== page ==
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The novel HydroFlame direct-contact combustion process has been adapted for use in a Downhole Steam Generator (DHSG), which enables the…

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In this process, a high intensity flame is surrounded by two films of rotating water. The flame is in direct…

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According to the United States Geological Survey, more than 95% of the world's Heavy Oil is located in reservoirs deeper…

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HydroFlame offers a technology solution to benefit businesses involved in Heavy Oil and Bitumen production. This solution offers environmental, technical.....

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HydroFlame Technologies, LLC was established in August 2008 with the sole purpose of commercializing the HydroFlame novel direct contact...

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On April 15, 2011, Senator Mary Landrieu visited the HydroFlame facility as part of her tour of the Louisiana Business…


How does GAGD work?

CO2 EOR is the fastest growing EOR process in the United States. The target for CO2 EOR is over 407 billion barrels of oil in the mature oil fields in the US alone. Water Alternating Gas (WAG) process has remained the default industry standard for CO2 injection with almost 80% of commercial projects employing WAG. WAG attempts to overcome natural gravity segregation in Continuous Gas Injection (CGI) process by alternating gas injection with water and that has yielded better EOR performance in WAG floods than continuous gas injection (CGI) field projects. However, WAG is still a method to ‘combat’ the natural phenomenon of gravity segregation. In attempting to resolve one problem of adverse mobility, the WAG process gives rise to other problems associated with increased water saturation in the reservoir including diminished gas injectivity and increased competition to the flow of oil. The disappointing field performance of WAG floods with oil recoveries in the range of 10-15% is a clear indication of these limitations.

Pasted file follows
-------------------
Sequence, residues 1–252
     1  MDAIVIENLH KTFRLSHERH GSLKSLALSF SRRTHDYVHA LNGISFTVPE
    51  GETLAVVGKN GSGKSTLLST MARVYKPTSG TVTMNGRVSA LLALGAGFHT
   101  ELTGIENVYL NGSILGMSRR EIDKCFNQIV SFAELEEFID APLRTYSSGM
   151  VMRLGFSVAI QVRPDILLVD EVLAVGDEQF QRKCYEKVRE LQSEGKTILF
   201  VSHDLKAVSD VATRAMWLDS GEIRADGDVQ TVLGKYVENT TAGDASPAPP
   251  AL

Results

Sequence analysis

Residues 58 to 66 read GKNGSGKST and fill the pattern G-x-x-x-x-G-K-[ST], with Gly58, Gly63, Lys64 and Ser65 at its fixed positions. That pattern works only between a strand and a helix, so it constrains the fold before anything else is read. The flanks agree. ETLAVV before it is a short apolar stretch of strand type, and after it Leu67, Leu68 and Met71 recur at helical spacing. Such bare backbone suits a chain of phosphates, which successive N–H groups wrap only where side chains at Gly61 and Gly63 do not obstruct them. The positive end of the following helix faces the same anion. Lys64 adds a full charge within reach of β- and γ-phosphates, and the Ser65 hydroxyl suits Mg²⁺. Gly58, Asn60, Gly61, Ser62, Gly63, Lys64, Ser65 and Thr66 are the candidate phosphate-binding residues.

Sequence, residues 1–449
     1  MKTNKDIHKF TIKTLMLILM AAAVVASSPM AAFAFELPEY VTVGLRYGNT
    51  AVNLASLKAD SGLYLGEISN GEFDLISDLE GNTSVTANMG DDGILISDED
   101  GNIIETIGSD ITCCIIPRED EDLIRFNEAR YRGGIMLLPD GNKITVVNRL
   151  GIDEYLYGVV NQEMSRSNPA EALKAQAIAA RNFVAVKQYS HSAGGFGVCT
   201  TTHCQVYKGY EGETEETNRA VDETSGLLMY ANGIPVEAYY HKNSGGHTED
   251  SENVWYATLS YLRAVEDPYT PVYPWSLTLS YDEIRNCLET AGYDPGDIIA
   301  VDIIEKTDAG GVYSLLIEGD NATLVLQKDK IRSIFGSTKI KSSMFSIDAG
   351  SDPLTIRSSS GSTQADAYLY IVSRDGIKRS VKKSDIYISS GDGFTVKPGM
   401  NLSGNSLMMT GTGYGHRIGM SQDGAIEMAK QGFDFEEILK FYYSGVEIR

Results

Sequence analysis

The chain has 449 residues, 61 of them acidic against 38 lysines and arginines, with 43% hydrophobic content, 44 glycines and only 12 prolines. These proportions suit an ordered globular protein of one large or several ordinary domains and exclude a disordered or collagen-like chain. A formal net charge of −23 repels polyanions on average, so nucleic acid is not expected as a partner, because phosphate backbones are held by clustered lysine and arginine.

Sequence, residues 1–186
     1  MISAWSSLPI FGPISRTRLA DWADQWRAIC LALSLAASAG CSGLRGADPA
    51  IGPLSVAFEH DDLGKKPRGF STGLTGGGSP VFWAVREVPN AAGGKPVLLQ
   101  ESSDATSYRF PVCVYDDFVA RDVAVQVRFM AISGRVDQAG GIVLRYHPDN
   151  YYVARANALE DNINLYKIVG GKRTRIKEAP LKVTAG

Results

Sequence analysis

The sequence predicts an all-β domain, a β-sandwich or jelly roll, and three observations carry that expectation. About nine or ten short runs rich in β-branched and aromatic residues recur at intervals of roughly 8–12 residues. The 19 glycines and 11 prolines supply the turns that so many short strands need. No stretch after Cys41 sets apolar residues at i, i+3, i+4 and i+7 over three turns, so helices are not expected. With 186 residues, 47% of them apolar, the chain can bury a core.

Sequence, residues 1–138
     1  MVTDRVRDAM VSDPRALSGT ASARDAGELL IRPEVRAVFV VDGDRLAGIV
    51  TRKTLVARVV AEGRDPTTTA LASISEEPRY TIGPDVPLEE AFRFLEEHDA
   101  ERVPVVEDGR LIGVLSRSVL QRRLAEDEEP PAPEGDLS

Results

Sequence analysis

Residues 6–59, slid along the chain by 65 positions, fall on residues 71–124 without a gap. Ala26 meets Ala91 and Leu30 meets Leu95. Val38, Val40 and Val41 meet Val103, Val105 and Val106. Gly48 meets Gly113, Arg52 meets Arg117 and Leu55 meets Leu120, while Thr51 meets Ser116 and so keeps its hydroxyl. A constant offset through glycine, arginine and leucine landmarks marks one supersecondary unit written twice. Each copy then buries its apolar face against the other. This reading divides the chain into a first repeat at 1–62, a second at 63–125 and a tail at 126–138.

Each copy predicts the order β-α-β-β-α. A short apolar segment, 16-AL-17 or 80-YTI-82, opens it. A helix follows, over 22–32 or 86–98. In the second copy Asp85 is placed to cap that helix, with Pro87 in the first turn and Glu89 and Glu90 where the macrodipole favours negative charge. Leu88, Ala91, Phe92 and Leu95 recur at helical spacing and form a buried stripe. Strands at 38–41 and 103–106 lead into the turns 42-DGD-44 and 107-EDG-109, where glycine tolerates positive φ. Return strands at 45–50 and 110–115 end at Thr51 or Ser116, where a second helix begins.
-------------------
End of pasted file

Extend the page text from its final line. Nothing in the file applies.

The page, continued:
conceptual view of wag process

Conceptual view of a Water Alternating Gas (WAG) Process
as depicted in Department of Energy (DOE) Website

alternative view of wag process

Alternative and more realistic view of WAG process based on
reported field recovery efficiency of just 5-10% of the remaining oil

In order to find an effective alternative to WAG, Gas- Assisted Gravity Drainage (GAGD) process was developed in EOR labs at LSU. Unlike WAG, the GAGD process takes advantage of the natural segregation of injected gas from crude oil in the reservoir. Although gravity-stable gas floods have long been practiced in selected dipping reservoirs and pinnacle reefs, this project was aimed at a systematic development of a recovery process that would be widely applicable to different reservoir types in both secondary and tertiary modes. The GAGD process consists of placing a horizontal producer near the bottom of the payzone and injecting gas through new/existing vertical wells used in prior waterfloods. As the injected gas rises to the top to form a gas zone, oil and water drain down to the horizontal producer.


conceptual view of gagd process

Conceptual view of a GAGD Process